By HAL MORRIS
Laura Mattingly ’12 DES, ’13 BE knows the value of a career fair.
She landed her job as a sales representative with American Woodmark, a cabinet manufacturer located in Charlotte, North Carolina, four years ago at the same career fair she was at this week.
“It was whenever the old student center still existed, and I went over there with some of my MBA buddies, and I found a job,” said Mattingly, who noted these job fairs are the best place to get your foot in the door. “It gets you a lot of exposure to a lot of companies that you would never know anything about. I had never heard of American Woodmark until I walked into the career fair. And I’ll be there five years in June.”
The Gatton College of Business and Economics hosted the College of Engineering’s career and internship fair on Tuesday, then held its own event on Wednesday.
Alumni in attendance at both events said it was important for them to be able to give current Wildcats a chance at getting their foot in the door of their companies.
“It’s important to me but I’m probably biased,” said Daniel Vu ’10 EN, a project manager with Cincinnati firm Thorson Baker & Associates. “I found my co-op at a career fair so I feel I owe it to the university to give back.”
While many companies may have been looking for employees with particular skills to match a particular opening, Rajan Shakula ’10 BE, vice president of strategy and operations and biotech startup USIOL Inc. of Lexington, was simply looking for talented individuals.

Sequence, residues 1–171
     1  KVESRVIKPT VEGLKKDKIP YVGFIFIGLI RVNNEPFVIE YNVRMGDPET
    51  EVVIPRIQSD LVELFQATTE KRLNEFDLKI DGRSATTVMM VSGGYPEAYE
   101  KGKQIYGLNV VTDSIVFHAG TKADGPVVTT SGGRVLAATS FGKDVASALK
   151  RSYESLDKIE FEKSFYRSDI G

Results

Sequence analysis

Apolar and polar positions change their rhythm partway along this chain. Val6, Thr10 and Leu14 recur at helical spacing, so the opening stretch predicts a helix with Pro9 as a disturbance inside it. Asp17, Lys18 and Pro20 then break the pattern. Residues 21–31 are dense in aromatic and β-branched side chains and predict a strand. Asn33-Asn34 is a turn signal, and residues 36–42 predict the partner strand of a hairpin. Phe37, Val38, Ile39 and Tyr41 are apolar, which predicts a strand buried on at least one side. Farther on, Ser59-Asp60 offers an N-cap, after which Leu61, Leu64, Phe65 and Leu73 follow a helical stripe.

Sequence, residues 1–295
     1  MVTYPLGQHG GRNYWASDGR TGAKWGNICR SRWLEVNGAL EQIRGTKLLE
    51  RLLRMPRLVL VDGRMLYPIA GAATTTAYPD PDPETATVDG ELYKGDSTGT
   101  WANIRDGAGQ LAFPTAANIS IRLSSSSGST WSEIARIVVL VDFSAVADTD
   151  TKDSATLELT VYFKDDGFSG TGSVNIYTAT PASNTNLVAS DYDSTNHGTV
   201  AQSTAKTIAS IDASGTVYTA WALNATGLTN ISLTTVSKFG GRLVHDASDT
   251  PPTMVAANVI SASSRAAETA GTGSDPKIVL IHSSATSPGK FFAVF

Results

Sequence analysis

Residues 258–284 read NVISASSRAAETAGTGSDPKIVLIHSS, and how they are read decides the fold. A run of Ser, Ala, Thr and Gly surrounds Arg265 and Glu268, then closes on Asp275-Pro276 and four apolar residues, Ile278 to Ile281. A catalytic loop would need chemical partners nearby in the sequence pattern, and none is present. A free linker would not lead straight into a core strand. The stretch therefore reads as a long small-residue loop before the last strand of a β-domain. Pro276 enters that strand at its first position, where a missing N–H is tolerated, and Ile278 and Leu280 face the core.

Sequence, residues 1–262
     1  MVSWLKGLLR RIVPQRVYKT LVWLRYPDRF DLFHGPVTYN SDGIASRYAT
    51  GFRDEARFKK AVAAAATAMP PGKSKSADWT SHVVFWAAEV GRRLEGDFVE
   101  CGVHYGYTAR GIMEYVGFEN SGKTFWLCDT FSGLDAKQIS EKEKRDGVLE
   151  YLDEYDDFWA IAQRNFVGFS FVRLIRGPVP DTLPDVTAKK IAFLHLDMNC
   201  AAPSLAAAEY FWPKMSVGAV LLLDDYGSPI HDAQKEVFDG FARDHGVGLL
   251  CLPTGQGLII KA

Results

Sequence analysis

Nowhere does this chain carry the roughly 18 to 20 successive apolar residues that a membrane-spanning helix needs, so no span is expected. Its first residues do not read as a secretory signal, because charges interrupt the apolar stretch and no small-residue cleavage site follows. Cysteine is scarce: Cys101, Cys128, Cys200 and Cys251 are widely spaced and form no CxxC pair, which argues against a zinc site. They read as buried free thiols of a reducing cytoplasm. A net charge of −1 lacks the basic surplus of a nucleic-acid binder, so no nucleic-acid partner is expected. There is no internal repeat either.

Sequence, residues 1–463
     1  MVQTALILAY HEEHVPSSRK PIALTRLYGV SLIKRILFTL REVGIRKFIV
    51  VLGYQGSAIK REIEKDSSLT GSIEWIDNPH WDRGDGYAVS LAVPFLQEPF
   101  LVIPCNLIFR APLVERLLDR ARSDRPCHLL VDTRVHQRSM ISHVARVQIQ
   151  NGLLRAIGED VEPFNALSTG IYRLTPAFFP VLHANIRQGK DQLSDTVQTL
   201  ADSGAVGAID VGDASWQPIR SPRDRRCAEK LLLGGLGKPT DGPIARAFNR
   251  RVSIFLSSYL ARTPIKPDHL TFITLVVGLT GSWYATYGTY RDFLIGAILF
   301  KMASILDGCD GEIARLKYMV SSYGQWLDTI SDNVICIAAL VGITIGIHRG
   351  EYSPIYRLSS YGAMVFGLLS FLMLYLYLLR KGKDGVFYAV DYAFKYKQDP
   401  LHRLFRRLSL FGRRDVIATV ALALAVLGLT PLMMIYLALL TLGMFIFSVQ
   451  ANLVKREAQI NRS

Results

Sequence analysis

“Part of it is meeting students who have unique skill sets, and something we can build a position around if they have that type of ambition and if it looks like they’re going to be a good fit for one of our product lines,” he said. “I definitely see a lot of value in coming to these kind of events.
“There are a lot of great high-tech things going on in Lexington, Kentucky, that people should know about. You don’t have to go to Silicon Valley or a Boston or New York to be a part of something like this.”
Bob Martin ’87 EN and Amanda Akers ’16 EN were on hand from Alcoa Corp. out of Newburgh, Indiana. Martin said it was the first time in 20 years the company had been back at UK recruiting potential employees.
“We had narrowed our colleges down and looked at those in Indiana and Missouri, so we’re broadening out and coming back to UK,” said Martin, who was glad to be back even before he made it in the door. “I normally recruit at Purdue, so this is a lot more fun to come back here. I have to say through the introduction I had, coming up Administration Drive and having students help unload, that’s not an experience I’ve ever had before at one these things. That is a great help.”
Akers herself was impressed with how much work the schools put into these events.
“I was in the Society of Women Engineers when I was here, and I know they’ve got a pretty heavy hand in what goes on,” she said. “I attended the career fair and I know how many good students we have. So I think it’s pretty awesome we are able to come back and recruit from here.”
Amanda Tenney ’15 ’16 BE, a project delivery analyst with Deliotte Consulting in Frankfort is not so far removed from the job hunting process that she can’t appreciate how important these events are to job hunters. She also knows how good the prospects are at UK.
“I can’t wait to talk to potential recruits and get some UK talent to Frankfort,” she said. “Because I know it’s definitely here.”
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